Five Ways to be a Supportive Friend
At a previous job, I shared a cubicle with a friendly, funny woman in her late 30s that I will call Kim. Kim was rarely late for work, so when she didn’t come in one morning, everyone at work was concerned, especially Kim’s manager, with whom she was very close. It turned out that Kim had gotten ill on the train into work and ended up being hospitalized, requiring surgery.
When Kim returned to the office after surgery, I overheard a conversation that I will never forget. Kim’s manager came over to our cubicle and noticed that Kim smelled of cigarette smoke. Kim’s manager scolded her for smoking and loudly whispered, “Why are you doing this thing that is hurting you? As your friend, I am telling you that you need to stop.” Kim dropped her head and quietly said, “Don’t you have a vice?” Her manager said, “Yes, but my vices don’t kill me.”
Kim seemed so ashamed by her manager's comments. I lost touch and never found out if Kim did end up quitting smoking. Yet, still to this day, I wonder if Kim’s manager made the right move by giving her some tough love in that moment. Don’t get me wrong--I believe that true friends hold you accountable and should call you out when you’re doing something dumb. But I also wonder if surgery might have been punishment enough. What if Kim was already in the process of quitting? If so, her manager’s comment could have been the hit to the ego that drove her right back into the arms of her comforting cigarettes.
In the health behavior field, I hear a lot of behavior-shaming about how people need to simply “eat right and exercise more” or “stop drinking,” but obviously it’s not that easy for everyone--if it were, it wouldn’t be a problem. Kim was right: we all have our vices. Logic, judgement, or statistics about how bad something is won’t help someone who’s developed an emotional attachment to that thing.
So how, as friends, can we be supportive without condoning our friends’ destructive behaviors? Here are five strategies that I wish Kim’s manager would have used, that you can use to help your friends.
1. Consider the context
In Kim’s example above, the context of the conversation was completely inappropriate. First of all, this very personal conversation took place in the workplace. In a shared cubicle. Where someone else was present. And Kim had just come back to work after having surgery! Granted, maybe it seemed like a window of opportunity since Kim likely had health on the mind, but it might have been better for her manager to wait until the office cleared out or scheduled a private lunch to discuss. I’m not saying you need to have a formal sit-down for all serious conversations, but don’t make it more awkward than it has to be by catching someone in the middle of their workday. For some situations, an opportunity may arise where your friend actually brings the topic up on their own. Seize the moment by using this chance to start the conversation.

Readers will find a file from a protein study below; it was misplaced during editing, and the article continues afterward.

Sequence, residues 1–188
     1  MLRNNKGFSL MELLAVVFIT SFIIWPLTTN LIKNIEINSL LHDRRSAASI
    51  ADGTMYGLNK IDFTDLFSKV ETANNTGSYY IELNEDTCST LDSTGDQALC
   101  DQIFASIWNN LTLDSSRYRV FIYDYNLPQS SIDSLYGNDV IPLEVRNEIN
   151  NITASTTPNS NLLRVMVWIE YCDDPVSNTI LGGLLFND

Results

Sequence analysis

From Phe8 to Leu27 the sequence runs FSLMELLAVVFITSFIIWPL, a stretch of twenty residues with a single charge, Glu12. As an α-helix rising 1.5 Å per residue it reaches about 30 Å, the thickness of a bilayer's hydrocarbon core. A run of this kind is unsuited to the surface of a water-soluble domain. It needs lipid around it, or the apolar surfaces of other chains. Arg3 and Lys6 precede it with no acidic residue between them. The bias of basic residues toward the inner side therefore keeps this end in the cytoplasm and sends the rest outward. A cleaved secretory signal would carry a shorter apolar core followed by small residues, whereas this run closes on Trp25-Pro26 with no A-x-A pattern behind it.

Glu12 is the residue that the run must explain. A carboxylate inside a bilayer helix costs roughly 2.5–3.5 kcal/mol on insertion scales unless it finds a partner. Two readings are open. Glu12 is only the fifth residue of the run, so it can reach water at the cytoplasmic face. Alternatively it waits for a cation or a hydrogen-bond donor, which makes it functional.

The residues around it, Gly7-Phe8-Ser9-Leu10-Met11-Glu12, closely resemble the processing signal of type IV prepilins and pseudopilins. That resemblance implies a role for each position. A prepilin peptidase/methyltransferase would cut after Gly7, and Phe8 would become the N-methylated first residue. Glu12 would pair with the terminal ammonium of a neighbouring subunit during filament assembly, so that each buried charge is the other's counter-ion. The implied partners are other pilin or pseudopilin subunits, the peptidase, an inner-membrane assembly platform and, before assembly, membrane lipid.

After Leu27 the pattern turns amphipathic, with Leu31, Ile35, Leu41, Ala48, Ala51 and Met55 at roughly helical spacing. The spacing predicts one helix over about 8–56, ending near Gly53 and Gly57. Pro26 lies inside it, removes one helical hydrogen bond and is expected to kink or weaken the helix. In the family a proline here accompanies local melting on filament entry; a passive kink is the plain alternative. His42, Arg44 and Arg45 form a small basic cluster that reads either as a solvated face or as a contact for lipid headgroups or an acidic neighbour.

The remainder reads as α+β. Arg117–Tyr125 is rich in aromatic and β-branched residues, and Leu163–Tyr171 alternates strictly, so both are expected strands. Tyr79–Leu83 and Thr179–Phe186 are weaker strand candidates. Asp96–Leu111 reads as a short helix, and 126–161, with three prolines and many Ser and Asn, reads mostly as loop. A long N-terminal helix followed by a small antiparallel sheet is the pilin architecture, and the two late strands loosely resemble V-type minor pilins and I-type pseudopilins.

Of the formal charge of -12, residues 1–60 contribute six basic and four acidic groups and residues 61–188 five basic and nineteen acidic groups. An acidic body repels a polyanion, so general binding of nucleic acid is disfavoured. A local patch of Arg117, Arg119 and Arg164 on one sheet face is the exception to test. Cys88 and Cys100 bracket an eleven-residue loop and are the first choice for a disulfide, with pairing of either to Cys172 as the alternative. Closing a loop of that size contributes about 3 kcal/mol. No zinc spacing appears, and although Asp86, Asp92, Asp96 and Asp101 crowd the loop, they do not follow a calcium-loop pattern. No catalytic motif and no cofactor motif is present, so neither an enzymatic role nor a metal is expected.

2. Don’t assume
Approach your friend with an open mind and a spirit of curiosity. Pretend you don’t know anything. Try to withhold your judgement as you ask questions to understand how your friend started this behavior, and why. Get a sense for what triggers them to continue the behavior, and if it’s gotten better or worse.
3. Listen up
Actually listen to what your friend is saying--and what they may not be saying. If they don’t seem to want to talk about the behavior, don’t push it. Hopefully they will open up to you or someone else close to them if they want to talk. It doesn’t hurt to remind them that if they change their mind, you’re here to listen. If they do start explaining their behavior to you, have empathy and see where they’re coming from.
4. Focus on solutions
Avoid dwelling on the past. Instead, focus on the present. Ask your friend how you can be helpful. Are there resources you can connect them with? Would they like you to just be their cheerleader along their journey? Do they want tough love, and for you to help hold them accountable if you catch them reverting to old behaviors?
If they aren’t ready to change, you can say something like, “If you do decide to make a change, I am here to support you in any way I can.” That way, you leave the door open for them to reach out when they are ready.
If your friend is dealing with seriously destructive addiction and you are concerned that you are enabling the behavior by continuing to be supportive, check out resources about how to stop enabling addictive behaviors.
5. Be the change
Understand that sometimes, no matter how hard you try to help someone, that person might not be ready (now or ever) to make that change. In that case, the best you can do is lead by example. Keep on doing the things that enrich your body, mind, and soul, and have faith that it could be contagious. Jim Rohn is known for famously saying that you are the average of the five people you spend the most time with. You have more influence on the people close to you than you may realize, so keep on keepin' on.
If you’re looking for support in changing your behavior or want to support others as they make changes, sign up for Supporti today.